logo for UK Construction Blog

Blog Details

Read About the Latest News on a Founders Hall in London, Redcar Steel Plant Demolition, Hanley Building Fire, and Isle of Wight Halifax Store

In today’s construction news, we will look into the Founder’s Hall in London, the humorous, sensitive, post-Modern structure that developed in the wake of the City’s post-war orgy of destruction. The “biggest demolition” of its kind in the past seventy-five years was carried out at the Redcar steel plant. Updates about a fire at the Hanley building are sending plumes of smoke into the air. The unsightly Isle of Wight Halifax retail building in Newport is scheduled to undergo renovations.

Founders’ Hall, London: A clever, sensitive, post-Modern edifice built after the City’s post-war damage.

Original Source: Founders’ Hall, London: The witty, sensitive, post-Modern building that emerged in the wake of the City’s post-war orgy of destruction

Founders’ Hall in Cloth Fair in the Smithfield Conservation Area is less than 40 years old yet has historic charm. Its height contrasts with nearby ancient structures. The structure houses a mediaeval livery company and income-generating flats and offices.

The Founders moved here in 1983 from their Victorian residence in St Swithin’s Lane (near the Bank of England on Threadneedle Street). The new structure was finished in 1986, with a ceremony led by the Lord Mayor of London. This plaque was cast by a member of the Founders’, a City livery company that, like the Goldsmiths’ and Fishmongers’, still practices its original craft, including brass and bell casting.

Sam Lloyd of Green Lloyd and Adams designed the new livery hall. Architect Curtis Green’s grandson (whose masterpiece is now the Wolseley Restaurant, Piccadilly). The firm flourished for three generations, and Founders’ Hall is its swansong and an example of the City’s ability to manifest unbroken antiquity in modern clothes.

At the time of its completion, Roderick Gradidge (Country Life, November 3, 1988) praised the hall as an example of sophisticated post-Modern design, a contrast from the drab concrete commercial modernism of the post-war decades. Gradidge praised Founders’ Hall as an example of the dynamic, friendly street architecture all communities need.

Gradidge’s optimism 40 years ago appears poignant now, when harmful large-scale building — frequently backed by unaccountable, offshore interests — seems so ubiquitous. The subtle Regency landscaping of St James’s Park has been overshadowed by over-scaled office blocks; the views from Westminster’s World Heritage site are diminished by high-rise construction upriver at Vauxhall/Battersea; and the City itself grows steadily taller with buildings that claim ever-larger building plots.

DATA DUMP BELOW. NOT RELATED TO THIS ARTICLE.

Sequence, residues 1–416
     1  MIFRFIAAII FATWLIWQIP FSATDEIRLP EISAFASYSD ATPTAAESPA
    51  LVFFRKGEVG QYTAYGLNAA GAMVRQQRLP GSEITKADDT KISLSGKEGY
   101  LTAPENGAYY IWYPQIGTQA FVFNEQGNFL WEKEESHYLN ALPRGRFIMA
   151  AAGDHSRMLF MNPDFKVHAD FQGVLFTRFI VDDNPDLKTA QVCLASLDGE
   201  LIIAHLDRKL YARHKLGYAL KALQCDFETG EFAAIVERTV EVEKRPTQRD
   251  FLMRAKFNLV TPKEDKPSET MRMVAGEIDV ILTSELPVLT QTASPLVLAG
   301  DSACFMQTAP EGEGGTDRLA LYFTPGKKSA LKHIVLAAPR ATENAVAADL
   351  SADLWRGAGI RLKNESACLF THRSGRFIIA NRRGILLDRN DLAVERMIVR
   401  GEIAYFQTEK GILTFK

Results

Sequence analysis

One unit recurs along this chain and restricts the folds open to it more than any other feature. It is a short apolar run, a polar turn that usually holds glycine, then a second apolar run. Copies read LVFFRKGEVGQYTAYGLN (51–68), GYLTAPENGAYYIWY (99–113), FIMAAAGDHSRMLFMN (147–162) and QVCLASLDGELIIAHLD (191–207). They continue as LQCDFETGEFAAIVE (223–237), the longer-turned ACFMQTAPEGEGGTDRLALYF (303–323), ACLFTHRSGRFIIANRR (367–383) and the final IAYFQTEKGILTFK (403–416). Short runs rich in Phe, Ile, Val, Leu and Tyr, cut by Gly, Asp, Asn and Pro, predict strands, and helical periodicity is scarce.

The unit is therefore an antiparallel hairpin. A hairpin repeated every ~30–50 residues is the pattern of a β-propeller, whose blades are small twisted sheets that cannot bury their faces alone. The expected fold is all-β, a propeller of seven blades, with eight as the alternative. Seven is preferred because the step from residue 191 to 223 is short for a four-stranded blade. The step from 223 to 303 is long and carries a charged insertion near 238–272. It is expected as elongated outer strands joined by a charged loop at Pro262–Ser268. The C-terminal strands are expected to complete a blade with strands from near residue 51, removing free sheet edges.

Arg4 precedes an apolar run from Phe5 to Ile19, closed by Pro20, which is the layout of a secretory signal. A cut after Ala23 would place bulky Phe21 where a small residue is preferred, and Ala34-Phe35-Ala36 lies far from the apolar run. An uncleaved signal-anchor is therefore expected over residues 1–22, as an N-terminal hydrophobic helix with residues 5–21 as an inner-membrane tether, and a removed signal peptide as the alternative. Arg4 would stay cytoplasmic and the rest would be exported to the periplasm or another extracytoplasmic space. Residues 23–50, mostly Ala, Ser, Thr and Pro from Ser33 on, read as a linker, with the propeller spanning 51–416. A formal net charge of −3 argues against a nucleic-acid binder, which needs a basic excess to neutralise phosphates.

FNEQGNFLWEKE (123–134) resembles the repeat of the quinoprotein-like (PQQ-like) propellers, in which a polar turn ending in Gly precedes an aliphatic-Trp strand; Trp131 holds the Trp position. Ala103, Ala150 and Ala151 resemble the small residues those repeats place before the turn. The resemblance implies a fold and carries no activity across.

It seems appropriate to examine some of the works, such as Founders’ Hall, carried out between the 1970s and the millennium, which enriched London and helped restore it as a beautiful European metropolis after wartime destruction and inadequate post-war planning. Three decades of architectural restoration can teach modern architects, planners, and bureaucrats a lot.

In any study of architectural planning in the last third of the 20th century, the most significant development was the 1967 Civic Amenities Act, conceived by Lord Kennet and implemented by Richard Crossman as Housing and Local Government Minister. It provided for the “maintenance and improvement of architectural or historic buildings and character regions” as well as the preservation and planting of trees. This Act required permission to demolish listed buildings, halting the post-war devastation of country residences and town centres.

This legislation protected whole townscapes by designating conservation areas, an idea pioneered in New Orleans in the 1920s but only adopted in England 50 years later, where it proved popular.

The 1967 Act required new buildings in conservation areas to improve them. This changed architectural urban planning, fostering neighbourliness and better design.

The first City of London conservation area was designated in 1971, surrounding St. Bartholomew the Great Church, Cloth Fair, and nearby old streets and alleys. The Founders’ Hall was a new edifice at the east end of St. Bartholomew’s church (Fig 3). The towering, thin, gabled elevations and projecting square bay windows evoke the mediaeval homes that previously bordered Cloth Fair (Fig 4).

Its red and brown bricks and cast-metal grilles and monogrammed medallions depict the livery crafts, so it integrates into the roadway and indicates its role. It’s a model of the Civic Amenities Act-encouraged architecture: original and characterful but respectful of the surroundings in scale, materials, and architectural handling.

The Founders’ Hall is one of many 1970s and 1980s London developments that respected their historical surroundings. The latter included Richmond House (for the Department of Health) in Whitehall, designed by William Whitfield, which used red brick and Portland stone in the manner of Norman Shaw’s New Scotland Yard and paid tribute to the lost Holbein Gate of Whitehall Palace; Paternoster Square next to St Paul’s, with ingenious spaces and vistas and Wren-inspired brick and stone details; and the Comyn Ching triangle in Seven Dials by Terry Farrell, which completed a group of Wren-inspired It’s hard to imagine a 21st-century London building with such visual brilliance.

The GLC Historic Buildings Division helped revive and improve London in those years (transferred to English Heritage in 1986, but subsequently emasculated and dismantled). This multi-disciplinary team of historians, architects, and surveyors worked for the GLC architects’ department and advised local planning authorities on listed buildings and conservation zones. It was active for more than 30 years, recording, revitalising, managing development, and designing Covent Garden, Spitalfields, Islington, Notting Hill, and sections of Bloomsbury. Because of those years, these districts have decent-looking, well-functioning mixed-use streets.

The GLC Historic Buildings Division was the British version of the Commission du Vieux Paris (1897), which has safeguarded Paris’s centre for more than a century. As with the Paris Commission, the London Historic Buildings Committee featured elected councillors and national figures such as John Summerson, John Betjeman, and Nikolaus Pevsner.